• Excellent interrater reliability (ICC = 0.85)


Criterion Validity (Predictive/Concurrent)

Concurrent validity:

Wheelchair users: (Paulisso et al., 2019)

  • Adequate concurrent validity with the Quebec User Evaluation of Satisfaction with Assistive Technology (QUEST), which evaluates satisfaction of assistive technology (r = 0.411)

Construct Validity

Convergent validity:

Wheelchair users: (Paulisso et al., 2019)

  • Adequate convergent validity with the Functional Independence Measure (FIM), which evaluates independence in the ability to perform activities of daily living (r = 0.323)
  • Poor convergent validity with the Wheelchair Skills Test Questionnaire (WST-Q), which evaluates performance of wheelchair users in carrying out tasks (r = 0.295)

Content Validity

Kumar et al. (2013) state that the FMA is a revised instrument created by modifying the items from the Functioning Everyday with a Wheelchair (FEW) assessment to include items applicable to assessing the needs of both existing wheelchair users and users of other mobility devices, such as canes, crutches, walkers, prosthetics, orthotics, or no device at all. The FEW is a self-report tool developed from consumer-generated information and has established good content validity (captured 98.5% of mobility-related goals; p. 214).

Face Validity

Paulisso et al. (2020) evaluated face validity with 12 mobility device users (some used multiple devices: wheelchair n = 10, crutch n = 4, cane n = 1, walker n = 1) and 12 occupational therapy students and determined that “[the FMA] is semantically, idiomatically, culturally, and conceptually adapted to the Brazilian context, while its format and content are in accordance with the FMA instrument in its original version. We identified that FMA has good face validation and allows therapists to gather relevant data related to satisfaction and priorities regarding mobility devices (p. 6).”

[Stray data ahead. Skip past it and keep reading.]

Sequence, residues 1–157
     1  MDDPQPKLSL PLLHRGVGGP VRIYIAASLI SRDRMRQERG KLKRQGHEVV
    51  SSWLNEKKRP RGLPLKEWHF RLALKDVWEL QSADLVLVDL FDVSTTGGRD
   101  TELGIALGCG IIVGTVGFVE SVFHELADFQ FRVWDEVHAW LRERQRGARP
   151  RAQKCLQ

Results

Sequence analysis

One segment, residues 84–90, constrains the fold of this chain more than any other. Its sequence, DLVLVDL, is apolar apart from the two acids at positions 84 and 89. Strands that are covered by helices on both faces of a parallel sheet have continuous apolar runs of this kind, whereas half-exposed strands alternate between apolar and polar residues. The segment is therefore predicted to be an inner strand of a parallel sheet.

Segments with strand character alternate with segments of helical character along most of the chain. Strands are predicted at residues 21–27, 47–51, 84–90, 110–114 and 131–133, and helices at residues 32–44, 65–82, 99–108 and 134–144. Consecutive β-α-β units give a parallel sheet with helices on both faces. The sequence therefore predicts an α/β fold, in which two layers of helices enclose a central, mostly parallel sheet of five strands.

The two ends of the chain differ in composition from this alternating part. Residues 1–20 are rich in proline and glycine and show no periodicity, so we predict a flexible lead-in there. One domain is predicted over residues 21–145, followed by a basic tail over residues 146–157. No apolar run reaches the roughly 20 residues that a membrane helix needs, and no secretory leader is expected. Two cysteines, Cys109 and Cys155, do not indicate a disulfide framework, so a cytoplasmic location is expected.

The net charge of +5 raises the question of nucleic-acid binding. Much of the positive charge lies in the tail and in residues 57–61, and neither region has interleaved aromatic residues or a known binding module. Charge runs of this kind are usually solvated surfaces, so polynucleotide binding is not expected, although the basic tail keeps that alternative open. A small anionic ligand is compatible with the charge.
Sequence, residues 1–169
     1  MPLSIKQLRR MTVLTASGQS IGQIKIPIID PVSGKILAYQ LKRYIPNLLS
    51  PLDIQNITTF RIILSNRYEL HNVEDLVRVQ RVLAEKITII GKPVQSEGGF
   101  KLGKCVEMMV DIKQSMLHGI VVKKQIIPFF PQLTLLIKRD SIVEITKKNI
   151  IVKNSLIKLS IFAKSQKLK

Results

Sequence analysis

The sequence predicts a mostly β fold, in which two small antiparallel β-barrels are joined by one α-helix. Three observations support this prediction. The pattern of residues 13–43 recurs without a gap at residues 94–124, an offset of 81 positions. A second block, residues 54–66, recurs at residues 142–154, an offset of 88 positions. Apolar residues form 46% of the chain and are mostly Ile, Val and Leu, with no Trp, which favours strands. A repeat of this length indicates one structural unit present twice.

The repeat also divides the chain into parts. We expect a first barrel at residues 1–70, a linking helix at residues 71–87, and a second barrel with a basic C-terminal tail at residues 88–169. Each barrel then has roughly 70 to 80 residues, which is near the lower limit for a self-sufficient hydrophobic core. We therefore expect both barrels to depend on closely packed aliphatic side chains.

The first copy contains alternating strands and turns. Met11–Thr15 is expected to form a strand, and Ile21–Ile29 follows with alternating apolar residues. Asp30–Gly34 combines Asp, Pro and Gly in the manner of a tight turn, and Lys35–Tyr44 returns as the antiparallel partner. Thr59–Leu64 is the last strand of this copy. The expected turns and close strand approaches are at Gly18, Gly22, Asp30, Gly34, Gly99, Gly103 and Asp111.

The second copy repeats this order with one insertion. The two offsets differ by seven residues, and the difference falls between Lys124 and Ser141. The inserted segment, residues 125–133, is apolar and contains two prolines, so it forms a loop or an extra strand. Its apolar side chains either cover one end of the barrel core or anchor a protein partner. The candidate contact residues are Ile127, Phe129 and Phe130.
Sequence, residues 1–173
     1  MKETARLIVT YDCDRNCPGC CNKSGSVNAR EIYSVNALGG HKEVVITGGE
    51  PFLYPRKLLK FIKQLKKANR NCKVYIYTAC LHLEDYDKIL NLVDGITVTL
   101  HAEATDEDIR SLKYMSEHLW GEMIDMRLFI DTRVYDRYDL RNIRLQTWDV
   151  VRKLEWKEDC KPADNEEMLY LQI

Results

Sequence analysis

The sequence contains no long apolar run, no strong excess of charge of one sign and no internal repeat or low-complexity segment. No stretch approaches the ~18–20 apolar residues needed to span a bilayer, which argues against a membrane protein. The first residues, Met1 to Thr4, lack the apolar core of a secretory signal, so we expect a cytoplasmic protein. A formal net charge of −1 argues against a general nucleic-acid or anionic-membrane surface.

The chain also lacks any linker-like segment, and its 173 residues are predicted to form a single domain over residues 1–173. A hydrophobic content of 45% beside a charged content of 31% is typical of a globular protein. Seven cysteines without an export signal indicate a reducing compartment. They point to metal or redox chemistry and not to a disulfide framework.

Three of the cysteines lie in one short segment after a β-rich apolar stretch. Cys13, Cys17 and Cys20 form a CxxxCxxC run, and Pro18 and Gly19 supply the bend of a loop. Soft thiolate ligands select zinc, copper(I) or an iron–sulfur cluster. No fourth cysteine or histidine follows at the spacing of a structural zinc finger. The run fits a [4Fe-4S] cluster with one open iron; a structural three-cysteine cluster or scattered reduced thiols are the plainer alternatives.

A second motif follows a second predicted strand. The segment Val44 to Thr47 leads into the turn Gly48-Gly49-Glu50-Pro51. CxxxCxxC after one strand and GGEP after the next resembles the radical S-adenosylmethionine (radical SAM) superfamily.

Faieta et al. (2020) performed a Rasch analysis and determined that “the person-item maps provide face validity in the ordering of items (p. 714).” Faieta et al. (2020) also state that “psychometric evaluation suggests the FMA provides valid and reliable measures of perceived satisfaction with functional mobility. The difficulty of the items demonstrates face validity of the FMA (p. 714).”

Floor/Ceiling Effects

Wheelchair users & non-wheelchair users: (Faieta et al., 2020)

  • Adequate ceiling effect of 4.71%
  • Adequate floor effect of 3.79%


Beavers, D. B., Holm, M. B., Rogers, J. C., Plummer, T., & Schmeler, M. (2018). Adaptation of the adult Functional Mobility Assessment (FMA) into a FMA-Family Centred (FMA-FC) paediatric version. Child Care Health Development, 44, 630–635.

Faieta, J. M., Hand, B. N., Berner, T. R., Schmeler, M. U., & Digiovine, C. U. (2020). Evaluation of the Functional Mobility Assessment through Rasch analysis. Archives of Physical Medicine and Rehabilitation,101(4), 712-716.

Kumar, A., Schmeler, M. R., Karmarkar, A. M., Collins, D. M., Cooper, R., Cooper, R. A., Shin, H., & Holm, M. B. (2013). Test-retest reliability of the Functional Mobility Assessment (FMA): A pilot study. Disability and Rehabilitation: Assistive Technology, 8(3), 213–219.

Paulisso, D.C., Cruz, D. M. C., Allegretti, A. L. C., Schein, R. M., Costa, J. D., Campos, L. C. B., Schmeler, M. R. (2020). Cross cultural adaptation and face validity of the Functional Mobility Assessment into Brazilian Portuguese. Occupational Therapy International, 1-7.

​​Paulisso, D. C., Schmeler, M. R., Schein, R. M., Caltabiano Allegretti, A. L., Batista Campos, L. C., Costa, J. D., Fachin-Martins, E., & Cezar da Cruz, D. M. (2019). Functional Mobility Assessment is reliable and correlated with satisfaction, independence and skills. Assistive Technology, 1–7.